After a gloriously warm sunny day on Saturday, which unfortunately I couldn’t take full advantage of, yesterday turned out to be dull and grey but it was fine so in the afternoon I took the dogs out for a local walk. I didn’t want to go too far as Michael and I were going out for a meal so I stayed fairly close to home, driving just a mile or so up the road to where I started my walk. Parking the van in a convenient place just off the main road I went a couple of hundred yards further on to where a path led up into the old Wilton quarry, a place I hadn’t been to since I was in my mid teens.
The path led up between two hillsides and was extremely narrow and ankle-twistingly rocky with water running down the middle, but eventually it took me to a large open area with a fallen tree and the rock face in front of me. This was Wilton 1, the first of four quarries which were originally used to provide sandstone for local buildings and street flagstones; the quarries were abandoned some time during the 1930s to 40s and got very overgrown, but because of their steep sides are now used by various climbing clubs.
The highest section of the quarry was The Prow, a 2-sided promontory with an outside face of 60ft. One section of the path took me towards the inside face of it but the ground was so boggy underfoot I didn’t go very far before turning back; I may have been wearing wellies but I had no wish to get stuck in something I could find it difficult to get out of. Back on the main path it led me out of the far end of the quarry and diagonally across the hillside above the main road I’d just come from to Scout Road, a ‘B’ road which skirted the lower slopes of the moorland.
Scout Road is well known locally for having a really bad bend at the top of the hill; over the years several vehicles have come off the road there and landed somewhere down the hill or in the quarry, with people being seriously injured and even killed. As well as the crash barrier there’s now a speed sign but some people still take the bend at a rate of knots. Further along the road is a car park and on a clear day it’s possible to see beyond Manchester to the airport and even to the Jodrell Bank main telescope in Cheshire, which is the third largest steerable radio telescope in the world. I couldn’t see very far this time though as it was so grey and cloudy and it had also started to rain a bit by then. Close to the car park, and near to the start of the path which would eventually take me back to the van, a large area of daffodils was growing in one section of the field – a very colourful and welcome sight on such a grey day.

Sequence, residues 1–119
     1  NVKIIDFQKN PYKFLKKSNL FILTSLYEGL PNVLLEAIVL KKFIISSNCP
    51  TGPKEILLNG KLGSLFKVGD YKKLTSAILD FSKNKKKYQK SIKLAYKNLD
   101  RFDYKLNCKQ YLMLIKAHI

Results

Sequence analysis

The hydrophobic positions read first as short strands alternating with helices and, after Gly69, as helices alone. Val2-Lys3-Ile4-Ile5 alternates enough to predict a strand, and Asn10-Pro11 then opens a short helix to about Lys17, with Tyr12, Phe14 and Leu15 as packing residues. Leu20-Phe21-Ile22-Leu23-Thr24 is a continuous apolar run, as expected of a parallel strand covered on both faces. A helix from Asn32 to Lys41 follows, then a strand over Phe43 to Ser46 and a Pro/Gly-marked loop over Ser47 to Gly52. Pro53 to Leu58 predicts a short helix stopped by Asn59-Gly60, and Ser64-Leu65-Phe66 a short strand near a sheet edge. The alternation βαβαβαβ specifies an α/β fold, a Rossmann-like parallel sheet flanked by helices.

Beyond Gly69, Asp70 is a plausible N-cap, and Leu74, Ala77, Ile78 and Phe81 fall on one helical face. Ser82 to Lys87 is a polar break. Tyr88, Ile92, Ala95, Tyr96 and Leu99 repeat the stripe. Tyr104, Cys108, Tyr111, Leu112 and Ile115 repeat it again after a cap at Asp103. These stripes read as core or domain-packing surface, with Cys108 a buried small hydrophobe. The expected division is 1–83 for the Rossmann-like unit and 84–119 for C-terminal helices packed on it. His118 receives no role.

The path from the car park took me across fields and past an area of pine trees before heading towards a farm, and just before the farm gate I came across something which seemed to have no rhyme nor reason – a large pyramid-shaped stone surrounded by a circle of daffodils. It looked like a memorial stone but there was no plaque on it or near it to say what it was; I didn’t see anyone at the nearby farm who I could ask and an extensive internet search since then has produced nothing, so it will have to remain a mystery for now.
The path ended in a track which took me through part of the farm yard and up ahead a splash of pink colour caught my eye – it turned out to be a clump of hyacinths growing on top of the grass bank near a barn wall and they were such a pretty colour I couldn’t resist taking a quick photo. The end of the track opened out into a tarmac lane and a small hamlet of houses which were once farm buildings – I had a choice of left or right but as they both ended up back at the van I took the right as that was the shorter one, and my last photo of the day was of a white-walled cottage set back in what will, in summer, be a very pretty garden.
By the time I got back to the van it was raining properly so I was glad the walk hadn’t been any longer. It had been interesting going back to the old quarry after all this time and seeing it as it is now but the route through it had been very wet and sloppy underfoot, so if I do that one again it will definitely be on a dry sunny day.
I’m linking up again with Jo’s Monday Walk where this time she’s back in England and exploring the delights of Knaresborough – it looks like a very quirky and interesting place. Time to put the kettle on now and read about where all the other Monday walkers have been this week.